BASIC ELECTRONICS - OD1633 - LESSON 1/TASK 2
Through the use of Kirchhoff's law, circuit
problems can be solved which
would be difficult, and often impossible, with
knowledge of Ohm's law alone.
When Kirchhoff's law is properly applied, an
equation can be set up for a
closed loop and the unknown circuit values can
e. Polarity of Voltage. To apply Kirchhoff's voltage law, the meaning
of voltage polarity must be understood. In the circuit shown in figure 27,
the current is shown flowing in a counterclockwise direction. Notice that
the end of resistor R1, into which the current flows, is marked negative
(-). The end of R1, at which the current leaves, is marked positive (+).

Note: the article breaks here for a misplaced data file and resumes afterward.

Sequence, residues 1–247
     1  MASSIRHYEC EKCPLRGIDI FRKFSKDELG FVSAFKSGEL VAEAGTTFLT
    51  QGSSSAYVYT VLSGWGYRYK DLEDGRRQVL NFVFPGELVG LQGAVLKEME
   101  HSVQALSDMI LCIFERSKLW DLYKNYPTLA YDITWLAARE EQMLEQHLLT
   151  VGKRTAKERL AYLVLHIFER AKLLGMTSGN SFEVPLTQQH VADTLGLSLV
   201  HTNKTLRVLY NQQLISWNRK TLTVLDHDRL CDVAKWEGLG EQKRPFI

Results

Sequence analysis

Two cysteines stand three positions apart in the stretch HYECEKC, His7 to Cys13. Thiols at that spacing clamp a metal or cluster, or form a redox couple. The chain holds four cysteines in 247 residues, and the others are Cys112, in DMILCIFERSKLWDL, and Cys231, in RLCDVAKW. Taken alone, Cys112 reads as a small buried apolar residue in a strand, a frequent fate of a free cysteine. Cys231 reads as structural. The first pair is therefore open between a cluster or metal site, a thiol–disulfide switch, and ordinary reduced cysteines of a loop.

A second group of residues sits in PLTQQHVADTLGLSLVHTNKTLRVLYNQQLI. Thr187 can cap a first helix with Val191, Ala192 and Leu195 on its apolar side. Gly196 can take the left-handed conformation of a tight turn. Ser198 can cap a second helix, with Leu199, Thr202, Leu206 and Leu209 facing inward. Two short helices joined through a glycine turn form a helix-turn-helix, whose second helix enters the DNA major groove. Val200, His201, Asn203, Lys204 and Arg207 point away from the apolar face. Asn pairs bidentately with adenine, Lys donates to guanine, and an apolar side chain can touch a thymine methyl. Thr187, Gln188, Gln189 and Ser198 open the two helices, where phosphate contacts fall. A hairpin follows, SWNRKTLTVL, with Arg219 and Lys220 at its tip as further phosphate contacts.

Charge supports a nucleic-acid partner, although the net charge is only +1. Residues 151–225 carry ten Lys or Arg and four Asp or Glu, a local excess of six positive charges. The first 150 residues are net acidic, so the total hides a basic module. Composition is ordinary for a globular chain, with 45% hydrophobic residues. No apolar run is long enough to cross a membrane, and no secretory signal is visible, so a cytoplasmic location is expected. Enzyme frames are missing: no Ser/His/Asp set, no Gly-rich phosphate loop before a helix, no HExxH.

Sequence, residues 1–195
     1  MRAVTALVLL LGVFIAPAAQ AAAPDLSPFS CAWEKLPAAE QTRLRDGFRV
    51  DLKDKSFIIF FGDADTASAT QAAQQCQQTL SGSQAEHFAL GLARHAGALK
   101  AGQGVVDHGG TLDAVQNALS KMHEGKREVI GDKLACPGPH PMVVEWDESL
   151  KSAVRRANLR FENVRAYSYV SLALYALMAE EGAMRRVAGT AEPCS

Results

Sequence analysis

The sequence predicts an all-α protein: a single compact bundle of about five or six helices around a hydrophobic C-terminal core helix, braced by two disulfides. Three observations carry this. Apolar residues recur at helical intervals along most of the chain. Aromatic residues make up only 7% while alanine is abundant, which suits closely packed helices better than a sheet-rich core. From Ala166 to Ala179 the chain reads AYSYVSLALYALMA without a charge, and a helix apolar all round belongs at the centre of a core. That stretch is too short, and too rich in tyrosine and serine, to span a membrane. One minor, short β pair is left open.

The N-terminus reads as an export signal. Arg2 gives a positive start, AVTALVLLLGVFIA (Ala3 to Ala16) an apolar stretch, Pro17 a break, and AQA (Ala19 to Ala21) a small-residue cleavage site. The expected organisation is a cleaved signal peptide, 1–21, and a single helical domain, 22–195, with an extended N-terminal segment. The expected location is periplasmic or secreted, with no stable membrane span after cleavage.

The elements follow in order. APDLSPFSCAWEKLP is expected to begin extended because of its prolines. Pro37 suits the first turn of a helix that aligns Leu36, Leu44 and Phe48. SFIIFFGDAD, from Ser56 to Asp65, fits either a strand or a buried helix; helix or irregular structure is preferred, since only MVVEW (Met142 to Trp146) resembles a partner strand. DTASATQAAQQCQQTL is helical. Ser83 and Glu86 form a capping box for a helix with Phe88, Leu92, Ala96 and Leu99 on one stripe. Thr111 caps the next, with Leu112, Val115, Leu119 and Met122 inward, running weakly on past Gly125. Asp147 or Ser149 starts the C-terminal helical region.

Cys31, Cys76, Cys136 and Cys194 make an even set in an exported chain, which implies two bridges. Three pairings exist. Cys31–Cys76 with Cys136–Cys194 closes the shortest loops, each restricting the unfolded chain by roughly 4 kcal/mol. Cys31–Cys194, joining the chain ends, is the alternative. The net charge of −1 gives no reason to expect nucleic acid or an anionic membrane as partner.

These polarity markings are used to show, that the end of R1, into which the
current flows is at a higher negative potential than the end of the resistor
at which the current leaves. Point A is more negative than point B.
Point C, which is at the same potential as point B, is labeled negative.
This is to indicate that point C is more negative than point D. To say a
point is positive (or negative) without stating what the polarity is based
upon has no meaning. In working with Kirchhoff's law, positive and negative
polarities are assigned in the direction of current flow.